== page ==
ALBANY -- Plans by AT&T to install cell phone antennas on a San Pablo Avenue building have encountered another obstacle after a resident filed an appeal challenging the Planning and Zoning Commission's Jan. 17 approval of the project.

The appeal will be heard by the City Council at a future meeting.

The appeal is the latest battle in a nearly five-year fight over the antennas proposed for installation on a building at 1035 San Pablo Ave. AT&T has modified its proposal several times and at one point filed a lawsuit against the city.

The proposal approved last month would have AT&T lease space within the building to house its supporting equipment. A rooftop penthouse would be removed.

The penthouse, which had been offered as a place to house the equipment in a previous proposal, makes the building nonconforming with Albany's building codes and that fact led to the rejection of the previous proposal.

The Planning and Zoning Commission voted 4-0 to approve the new proposal (Commissioner David Arkin lives near the proposed site and recused himself).

However, Heike Abeck filed an appeal on Jan. 30 that cites five points:

  • That because the building is nonconforming, it can only be altered for maintenance or residential purposes;

  • That the antennas won't be screened, which violates city code which requires screening;


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  • That the installation is not set back 50 feet from residential property lines and the equipment could affect neighbors with noise or other negative impacts;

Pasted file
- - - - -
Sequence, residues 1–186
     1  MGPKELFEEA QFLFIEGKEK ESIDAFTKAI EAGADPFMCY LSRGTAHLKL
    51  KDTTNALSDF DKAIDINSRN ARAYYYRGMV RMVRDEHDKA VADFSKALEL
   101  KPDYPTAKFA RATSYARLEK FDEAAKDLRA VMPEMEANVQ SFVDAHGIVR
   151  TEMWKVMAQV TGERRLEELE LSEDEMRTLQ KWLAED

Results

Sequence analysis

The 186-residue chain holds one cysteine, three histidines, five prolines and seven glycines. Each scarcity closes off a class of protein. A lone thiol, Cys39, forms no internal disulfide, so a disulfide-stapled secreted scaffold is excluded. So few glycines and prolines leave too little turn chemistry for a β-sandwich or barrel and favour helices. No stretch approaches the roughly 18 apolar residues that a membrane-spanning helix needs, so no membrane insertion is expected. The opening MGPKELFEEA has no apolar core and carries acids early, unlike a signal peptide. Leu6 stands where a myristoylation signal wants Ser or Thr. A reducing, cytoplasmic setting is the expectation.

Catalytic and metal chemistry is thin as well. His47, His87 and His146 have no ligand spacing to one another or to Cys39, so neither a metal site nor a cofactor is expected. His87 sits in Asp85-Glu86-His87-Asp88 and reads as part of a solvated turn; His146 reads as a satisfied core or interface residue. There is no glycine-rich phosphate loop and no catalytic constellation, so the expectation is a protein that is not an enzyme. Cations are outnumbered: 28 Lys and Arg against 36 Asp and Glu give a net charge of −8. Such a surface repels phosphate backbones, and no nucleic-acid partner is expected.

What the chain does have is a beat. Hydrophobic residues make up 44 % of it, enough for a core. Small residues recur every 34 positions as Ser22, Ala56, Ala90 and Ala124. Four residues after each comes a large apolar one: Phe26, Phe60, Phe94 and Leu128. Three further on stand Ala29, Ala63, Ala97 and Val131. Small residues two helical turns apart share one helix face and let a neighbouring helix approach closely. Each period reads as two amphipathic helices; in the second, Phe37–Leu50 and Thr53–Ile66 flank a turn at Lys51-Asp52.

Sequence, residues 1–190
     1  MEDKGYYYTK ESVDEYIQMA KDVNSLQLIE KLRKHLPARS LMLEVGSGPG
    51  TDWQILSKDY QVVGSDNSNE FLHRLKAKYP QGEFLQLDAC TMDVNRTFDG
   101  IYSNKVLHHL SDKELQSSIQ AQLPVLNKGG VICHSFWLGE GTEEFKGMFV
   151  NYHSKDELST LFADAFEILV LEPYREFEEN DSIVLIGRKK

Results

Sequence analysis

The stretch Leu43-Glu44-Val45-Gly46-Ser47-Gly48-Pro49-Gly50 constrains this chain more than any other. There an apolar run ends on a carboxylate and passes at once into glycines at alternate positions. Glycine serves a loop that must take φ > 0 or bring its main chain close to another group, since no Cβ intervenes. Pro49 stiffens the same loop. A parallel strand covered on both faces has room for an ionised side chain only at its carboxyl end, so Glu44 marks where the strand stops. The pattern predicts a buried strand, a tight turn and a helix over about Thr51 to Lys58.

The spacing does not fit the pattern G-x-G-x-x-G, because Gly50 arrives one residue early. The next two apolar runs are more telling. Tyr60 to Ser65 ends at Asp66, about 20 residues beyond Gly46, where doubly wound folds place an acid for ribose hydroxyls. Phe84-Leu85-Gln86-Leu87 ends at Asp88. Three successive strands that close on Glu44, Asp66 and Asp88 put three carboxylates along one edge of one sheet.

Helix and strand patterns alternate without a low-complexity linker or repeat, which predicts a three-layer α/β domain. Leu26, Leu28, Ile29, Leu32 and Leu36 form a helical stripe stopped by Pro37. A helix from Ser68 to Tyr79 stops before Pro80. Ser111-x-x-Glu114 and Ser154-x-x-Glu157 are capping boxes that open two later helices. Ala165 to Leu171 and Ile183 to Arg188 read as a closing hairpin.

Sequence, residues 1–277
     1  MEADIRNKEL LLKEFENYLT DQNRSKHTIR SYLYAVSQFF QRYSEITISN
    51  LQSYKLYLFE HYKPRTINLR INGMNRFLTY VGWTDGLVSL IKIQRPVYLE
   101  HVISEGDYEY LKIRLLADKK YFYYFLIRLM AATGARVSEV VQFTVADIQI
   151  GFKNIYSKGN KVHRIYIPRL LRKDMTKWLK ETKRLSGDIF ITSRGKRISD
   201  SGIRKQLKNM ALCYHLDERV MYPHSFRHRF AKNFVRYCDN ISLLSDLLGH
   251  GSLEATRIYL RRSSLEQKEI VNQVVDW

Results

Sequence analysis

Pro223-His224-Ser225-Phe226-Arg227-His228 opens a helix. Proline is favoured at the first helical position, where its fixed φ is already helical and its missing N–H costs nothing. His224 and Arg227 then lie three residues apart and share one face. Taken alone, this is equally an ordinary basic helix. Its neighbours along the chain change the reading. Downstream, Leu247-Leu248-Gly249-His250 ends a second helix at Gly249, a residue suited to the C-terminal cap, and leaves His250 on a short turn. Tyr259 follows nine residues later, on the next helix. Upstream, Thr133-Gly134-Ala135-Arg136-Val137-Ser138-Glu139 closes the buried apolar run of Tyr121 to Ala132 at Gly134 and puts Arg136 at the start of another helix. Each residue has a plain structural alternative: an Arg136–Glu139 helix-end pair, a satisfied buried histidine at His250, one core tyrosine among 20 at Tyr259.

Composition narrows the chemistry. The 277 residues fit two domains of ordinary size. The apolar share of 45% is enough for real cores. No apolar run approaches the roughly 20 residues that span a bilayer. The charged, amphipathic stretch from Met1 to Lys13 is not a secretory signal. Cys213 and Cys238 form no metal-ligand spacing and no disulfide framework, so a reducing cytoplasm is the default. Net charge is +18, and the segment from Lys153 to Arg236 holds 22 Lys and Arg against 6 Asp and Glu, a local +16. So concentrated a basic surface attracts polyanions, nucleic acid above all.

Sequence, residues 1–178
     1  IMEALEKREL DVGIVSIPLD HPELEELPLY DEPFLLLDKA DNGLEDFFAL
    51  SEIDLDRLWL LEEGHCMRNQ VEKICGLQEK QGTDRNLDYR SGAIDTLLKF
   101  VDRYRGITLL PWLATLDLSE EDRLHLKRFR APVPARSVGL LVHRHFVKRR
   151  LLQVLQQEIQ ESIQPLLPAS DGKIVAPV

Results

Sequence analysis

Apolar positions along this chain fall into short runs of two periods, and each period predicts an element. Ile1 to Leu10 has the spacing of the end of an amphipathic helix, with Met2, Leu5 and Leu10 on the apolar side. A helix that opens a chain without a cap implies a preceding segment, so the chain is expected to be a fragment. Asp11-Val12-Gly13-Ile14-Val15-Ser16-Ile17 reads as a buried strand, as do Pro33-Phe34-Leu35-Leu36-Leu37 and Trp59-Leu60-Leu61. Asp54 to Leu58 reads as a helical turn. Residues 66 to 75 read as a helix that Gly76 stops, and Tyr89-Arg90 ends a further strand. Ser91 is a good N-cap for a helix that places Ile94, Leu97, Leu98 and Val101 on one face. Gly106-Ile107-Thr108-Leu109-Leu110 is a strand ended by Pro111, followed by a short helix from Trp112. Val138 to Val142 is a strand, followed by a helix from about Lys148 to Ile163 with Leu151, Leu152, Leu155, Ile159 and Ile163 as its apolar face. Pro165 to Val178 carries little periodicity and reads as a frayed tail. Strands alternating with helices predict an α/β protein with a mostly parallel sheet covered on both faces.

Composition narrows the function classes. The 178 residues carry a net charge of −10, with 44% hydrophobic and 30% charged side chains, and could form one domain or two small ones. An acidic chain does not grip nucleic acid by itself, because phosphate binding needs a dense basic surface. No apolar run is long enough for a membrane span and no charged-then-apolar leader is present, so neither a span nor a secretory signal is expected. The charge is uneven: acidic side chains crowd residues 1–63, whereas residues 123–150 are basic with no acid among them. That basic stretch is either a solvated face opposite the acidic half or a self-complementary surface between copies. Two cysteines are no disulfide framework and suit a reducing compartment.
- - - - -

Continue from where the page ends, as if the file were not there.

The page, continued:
• That due diligence wasn't done on alternative sites;

  • And that the city has not done city code-required biannual testing of radio frequency radiation from existing cell antennas.

    Some of those issues have been discussed already, in particular clashes between proposal supporters and opponents over whether alternative sites have been thoroughly explored. AT&T has maintained they have, arguing that the 1035 San Pablo Ave. site is the best site for the antennas. Abeck noted in her appeal that the U.S. Department of Agriculture owns property in Albany and has expressed potential interest in hosting antennas.

    "Further negotiations for the USDA site are needed; there is no justification for approving the site at 1035 San Pablo if the site can be located at the USDA facility," Abeck wrote in her appeal.

    U.S. law states that radio frequency issues cannot be used to deny antenna siting. Only standard zoning requirements may be used.

    "We've been working with the city to meet the city code for years now," said AT&T spokesman Lane Kasselman. "Our newest application had significant scrutiny on it from the Planning Commission and it won unanimous approval. Residents in Albany need this infrastructure, they need this coverage. People want their mobile devices to work, they want their data to move quickly. AT&T has to build this in Albany, we're going to do whatever we need to do to make it happen. We're committed to our customers in the area."